Add the wine all at once and cook, stirring, until the wine has evaporated. Add the lemon zest and juice and stir them in. Begin adding the hot stock, 1/3 cup at a time, stirring it in. When the pot is almost dry add another 1/3 cup of stock. Ccontinue adding the stock until the rice is cooked to your liking. It may or may not require the whole 5 cups. Taste the rice periodically to see if it’s done.
When the rice is done to your liking turn the heat off, sprinkle the cheese on top of the rice, cover the pot and let sit for a few minutes to rest.
While the rice is cooking heat the butter and olive oil in another skillet, add the sliced fennel and cook over medium heat until soft and caramelized. A little sugar can speed up the caramelization.

To serve:

Sprinkle the risotto with most of the green fronds and stir them in together with the cheese that has melted on top of the risotto.
Spoon into bowl, garnish with the caramelized fennel and scatter additional fennel fronds and lemon zest on top.

Credit: 
oliveoilandlemons.com

The first tie is the lowest

The crew building the tomato trellises.
The crew building the tomato trellises.

Dear Friends,

As we witnessed the summer solstice and soaked in the excess of day light, our crops finally got the memo that summer is here. Out of seemingly nowhere, our harvests seem to have doubled. Beautiful broccoli all coming in at once, summer squash and zucchini kicking into gear and an assortment of different cabbages forming perfect heads right before our eyes. We  try and plan things out in order to get crops to trickle in. We like to add one or to new crops a week to the CSA. Some years it works out and some it doesn’t. This year it feels like everything is catching up with everything else and we are entering into a boom or bust kind of cycle.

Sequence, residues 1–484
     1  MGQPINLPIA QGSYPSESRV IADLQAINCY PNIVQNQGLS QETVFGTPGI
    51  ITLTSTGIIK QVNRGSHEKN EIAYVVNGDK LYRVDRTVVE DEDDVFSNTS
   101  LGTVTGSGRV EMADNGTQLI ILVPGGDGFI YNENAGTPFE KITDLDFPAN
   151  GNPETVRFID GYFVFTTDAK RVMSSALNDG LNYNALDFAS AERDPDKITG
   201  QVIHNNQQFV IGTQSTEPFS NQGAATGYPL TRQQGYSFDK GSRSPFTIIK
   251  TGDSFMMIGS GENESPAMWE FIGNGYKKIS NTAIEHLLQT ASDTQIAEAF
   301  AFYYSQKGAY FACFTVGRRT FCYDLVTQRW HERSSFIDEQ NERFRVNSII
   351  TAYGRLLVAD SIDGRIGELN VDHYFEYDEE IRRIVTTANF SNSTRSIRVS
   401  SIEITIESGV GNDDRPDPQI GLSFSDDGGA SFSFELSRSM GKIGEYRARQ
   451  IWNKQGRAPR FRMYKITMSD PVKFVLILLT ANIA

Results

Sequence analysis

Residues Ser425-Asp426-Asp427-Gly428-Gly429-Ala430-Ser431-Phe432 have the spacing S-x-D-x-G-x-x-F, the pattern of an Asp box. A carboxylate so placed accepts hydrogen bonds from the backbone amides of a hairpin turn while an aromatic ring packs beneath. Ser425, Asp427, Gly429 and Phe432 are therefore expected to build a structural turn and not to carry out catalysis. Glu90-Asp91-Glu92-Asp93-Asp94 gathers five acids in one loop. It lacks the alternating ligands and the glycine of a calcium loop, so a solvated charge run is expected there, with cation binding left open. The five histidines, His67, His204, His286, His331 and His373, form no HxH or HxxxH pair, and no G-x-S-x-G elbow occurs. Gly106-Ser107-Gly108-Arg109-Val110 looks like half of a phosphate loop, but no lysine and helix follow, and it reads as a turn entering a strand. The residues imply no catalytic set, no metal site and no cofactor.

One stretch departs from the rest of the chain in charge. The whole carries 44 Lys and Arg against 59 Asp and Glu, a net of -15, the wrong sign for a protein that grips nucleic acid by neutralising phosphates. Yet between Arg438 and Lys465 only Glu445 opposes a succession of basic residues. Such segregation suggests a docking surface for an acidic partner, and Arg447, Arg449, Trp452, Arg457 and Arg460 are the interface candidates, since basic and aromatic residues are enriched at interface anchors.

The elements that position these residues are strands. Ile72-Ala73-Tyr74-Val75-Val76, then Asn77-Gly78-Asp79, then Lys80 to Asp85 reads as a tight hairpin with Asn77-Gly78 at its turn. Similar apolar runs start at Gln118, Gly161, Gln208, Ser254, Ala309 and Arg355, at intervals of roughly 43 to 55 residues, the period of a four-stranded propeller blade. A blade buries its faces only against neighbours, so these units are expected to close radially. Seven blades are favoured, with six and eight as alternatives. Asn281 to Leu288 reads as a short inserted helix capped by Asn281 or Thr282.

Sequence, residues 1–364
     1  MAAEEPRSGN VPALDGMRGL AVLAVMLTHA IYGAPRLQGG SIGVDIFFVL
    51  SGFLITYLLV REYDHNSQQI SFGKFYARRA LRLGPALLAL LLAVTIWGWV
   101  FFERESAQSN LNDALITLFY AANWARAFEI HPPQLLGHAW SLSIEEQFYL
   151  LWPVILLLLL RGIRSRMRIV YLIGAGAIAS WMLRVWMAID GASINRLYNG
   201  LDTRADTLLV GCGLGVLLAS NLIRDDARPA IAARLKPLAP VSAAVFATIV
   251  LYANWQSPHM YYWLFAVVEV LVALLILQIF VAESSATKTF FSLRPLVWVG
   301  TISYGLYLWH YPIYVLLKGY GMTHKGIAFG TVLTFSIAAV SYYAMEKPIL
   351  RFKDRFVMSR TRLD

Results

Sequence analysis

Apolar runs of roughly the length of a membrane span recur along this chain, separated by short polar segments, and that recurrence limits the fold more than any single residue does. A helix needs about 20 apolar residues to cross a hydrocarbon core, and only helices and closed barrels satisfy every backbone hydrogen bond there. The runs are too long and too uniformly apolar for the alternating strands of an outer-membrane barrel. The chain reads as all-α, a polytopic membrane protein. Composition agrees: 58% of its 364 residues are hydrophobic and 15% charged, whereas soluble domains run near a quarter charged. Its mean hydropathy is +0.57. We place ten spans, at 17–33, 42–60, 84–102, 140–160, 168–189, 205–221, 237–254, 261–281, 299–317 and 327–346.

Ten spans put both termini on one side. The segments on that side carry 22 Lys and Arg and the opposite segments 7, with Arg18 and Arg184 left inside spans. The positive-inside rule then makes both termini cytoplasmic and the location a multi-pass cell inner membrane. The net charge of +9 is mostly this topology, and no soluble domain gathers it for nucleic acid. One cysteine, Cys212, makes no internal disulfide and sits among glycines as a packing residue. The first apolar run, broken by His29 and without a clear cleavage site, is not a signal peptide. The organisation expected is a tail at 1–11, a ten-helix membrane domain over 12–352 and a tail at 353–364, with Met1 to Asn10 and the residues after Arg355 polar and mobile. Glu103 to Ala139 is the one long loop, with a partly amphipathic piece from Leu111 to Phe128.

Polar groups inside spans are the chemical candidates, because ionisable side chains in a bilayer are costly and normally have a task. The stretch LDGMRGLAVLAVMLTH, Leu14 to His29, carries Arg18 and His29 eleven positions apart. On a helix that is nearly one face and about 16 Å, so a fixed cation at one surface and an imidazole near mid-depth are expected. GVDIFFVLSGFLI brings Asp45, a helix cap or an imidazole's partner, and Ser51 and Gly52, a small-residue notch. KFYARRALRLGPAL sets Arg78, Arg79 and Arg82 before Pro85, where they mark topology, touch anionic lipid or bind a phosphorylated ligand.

This can certainly happen when you have a cooler than average spring. The crops that were planted early had spent their early days idly waiting out the cold weather and as soon as things turn around, they go bonkers. Now that we are entering summer, the days are long and the nights are warm we are starting to see the crops grow and mature more at the rate we expect them to. The harvestable crops aren’t the only things putting on growth. Our melons and cantaloupe have really been enjoying the summer weather lately. Our potato field is a lovely sight this time of year. And our sweet potatoes, a crop we have struggled with in the past, are off to what looks to be a great start.